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Court case on authorisation of trustee by co-trustees

Tshaka N O & others v Standard Bank of South Africa Limited & another [2020] ZASCA 73

NT and CT, both trustees together with others of the B-B-RED Trust (the trust), opened a bank account with the first respondent (SB) pursuant to a resolution of all the trustees to do so and which appointed NT and CT to act on behalf of the trustees. NT and CT were accordingly recorded by SB as trustees and authorised signatories on the bank account. The trust was set up and funded by WP Ltd “…with the broad object of advancing the socio-economic development and upliftment of the Bakubung-Ba-Ratheo community.” During July 2011 M, who was the account executive for the account at SB, received an instruction signed by NT and CT to transfer R5.5m from the trust’s account to the Bakubung Economic Development Unit (BEDU). M gave effect to this instruction. During October 2011 another trustee, G, went to see M and stated that it had come to his attention that the transfer was made without a resolution or minutes authorising same. He later the same day requested M by email to stop all transfers from the trust “…until we notify you as trustees.” M responded by email the next day and concluded with “Please urgently send us a written request signed by ALL trustees to this effect.” A week later M received another instruction from CT and NT to transfer R4m to BEDU, which was effected by M. Five weeks later, on 28 November 2011, NT and CT were removed as trustees of the trust and on 6 December 2011 SB was notified of this fact and requested to replace them as signatories with G, K and W. In July 2014 the trustees issued summons against SB for repayment of both amounts transferred, on the basis of the following averment in their court papers: “The first defendant undertook to exercise reasonable care to ensure that it will not authorise or approve the withdrawal of funds from the bank account without the relevant resolution of the trustees which was passed or adopted by the trustees in terms of the relevant provisions of the Trust’s Deed of Trust, a copy whereof was made available to the defendant when it agreed to open the bank account for the Trust.”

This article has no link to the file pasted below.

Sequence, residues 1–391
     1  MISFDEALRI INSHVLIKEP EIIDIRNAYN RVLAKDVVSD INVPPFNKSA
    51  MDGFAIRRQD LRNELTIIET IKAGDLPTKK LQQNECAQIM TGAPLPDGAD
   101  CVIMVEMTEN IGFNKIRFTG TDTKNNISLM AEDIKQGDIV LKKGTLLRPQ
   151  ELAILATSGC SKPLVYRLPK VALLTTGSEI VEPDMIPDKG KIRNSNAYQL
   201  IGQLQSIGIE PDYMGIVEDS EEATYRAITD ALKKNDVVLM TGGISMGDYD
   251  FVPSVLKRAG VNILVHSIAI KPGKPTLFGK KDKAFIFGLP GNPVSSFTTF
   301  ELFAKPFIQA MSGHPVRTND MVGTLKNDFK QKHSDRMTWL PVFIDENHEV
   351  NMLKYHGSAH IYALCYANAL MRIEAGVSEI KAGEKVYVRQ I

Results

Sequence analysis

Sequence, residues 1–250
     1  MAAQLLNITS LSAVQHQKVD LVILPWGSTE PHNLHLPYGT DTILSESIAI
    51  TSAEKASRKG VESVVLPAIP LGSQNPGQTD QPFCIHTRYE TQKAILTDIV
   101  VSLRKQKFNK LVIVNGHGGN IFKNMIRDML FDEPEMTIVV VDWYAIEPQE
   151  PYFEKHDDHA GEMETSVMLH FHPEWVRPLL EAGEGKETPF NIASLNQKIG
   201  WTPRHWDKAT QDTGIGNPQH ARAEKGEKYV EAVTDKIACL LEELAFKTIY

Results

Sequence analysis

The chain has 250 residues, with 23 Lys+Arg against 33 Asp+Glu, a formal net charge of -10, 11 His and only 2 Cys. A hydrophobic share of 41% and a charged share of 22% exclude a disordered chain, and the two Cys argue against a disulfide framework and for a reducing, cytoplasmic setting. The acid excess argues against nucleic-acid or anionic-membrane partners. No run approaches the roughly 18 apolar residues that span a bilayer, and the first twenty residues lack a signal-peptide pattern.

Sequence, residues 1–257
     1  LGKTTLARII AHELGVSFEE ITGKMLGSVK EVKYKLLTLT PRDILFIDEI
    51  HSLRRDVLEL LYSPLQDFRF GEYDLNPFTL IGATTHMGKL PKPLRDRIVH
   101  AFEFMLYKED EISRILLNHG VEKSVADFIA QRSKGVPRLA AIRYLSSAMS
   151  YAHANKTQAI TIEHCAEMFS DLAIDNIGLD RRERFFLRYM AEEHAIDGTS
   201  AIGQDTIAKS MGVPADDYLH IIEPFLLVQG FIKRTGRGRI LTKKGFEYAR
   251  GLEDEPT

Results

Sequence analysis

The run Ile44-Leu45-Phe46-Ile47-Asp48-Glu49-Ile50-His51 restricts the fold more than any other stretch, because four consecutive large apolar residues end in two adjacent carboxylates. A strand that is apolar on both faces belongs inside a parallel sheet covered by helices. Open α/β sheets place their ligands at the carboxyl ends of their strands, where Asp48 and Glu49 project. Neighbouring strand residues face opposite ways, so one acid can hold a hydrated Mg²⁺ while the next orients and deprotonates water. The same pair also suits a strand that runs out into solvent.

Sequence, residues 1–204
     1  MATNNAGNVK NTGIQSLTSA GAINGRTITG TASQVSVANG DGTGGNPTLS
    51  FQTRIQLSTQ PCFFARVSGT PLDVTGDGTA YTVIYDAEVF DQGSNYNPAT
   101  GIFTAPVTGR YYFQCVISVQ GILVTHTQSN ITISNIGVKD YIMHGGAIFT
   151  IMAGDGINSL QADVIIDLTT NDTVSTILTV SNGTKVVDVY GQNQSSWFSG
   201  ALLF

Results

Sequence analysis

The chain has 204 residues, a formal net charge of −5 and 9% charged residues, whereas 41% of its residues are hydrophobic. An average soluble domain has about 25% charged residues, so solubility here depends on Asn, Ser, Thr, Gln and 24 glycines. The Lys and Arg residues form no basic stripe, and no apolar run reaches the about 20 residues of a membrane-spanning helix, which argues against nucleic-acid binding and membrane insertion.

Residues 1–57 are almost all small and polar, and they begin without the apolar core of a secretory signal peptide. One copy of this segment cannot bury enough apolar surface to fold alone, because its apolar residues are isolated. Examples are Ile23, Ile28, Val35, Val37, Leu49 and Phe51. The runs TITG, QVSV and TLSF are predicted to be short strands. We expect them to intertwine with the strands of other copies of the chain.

The Gauteng High Court (Johannesburg) held that SB acted in accordance with its mandate received from the trustees and cannot be held liable for repayment of the R9.5m. G, who testified for the plaintiffs at the trial, admitted that no liability can attach to SB for the first transfer of R5.5m.

The trustees appealed to the Supreme Court of Appeals (SCA) with leave granted by the trial court.

The SCA (Mocumie JA, with Ponnan, Mbha and Nicholls JJA and Matojane AJA concurring) dismissed the appeal with costs. The court referred to its previous judgements in Lupacchini NO and Another v Minister of Safety and Security and Land and Agricultural Bank of South Africa v Parker and Others about the nature of the trust form and the role of trustees as the only persons through which a trust can act. The court held that M was fully justified in requiring a written request signed by all trustees before he was willing to ignore instructions received from the trustees authorised to deal with the bank account.

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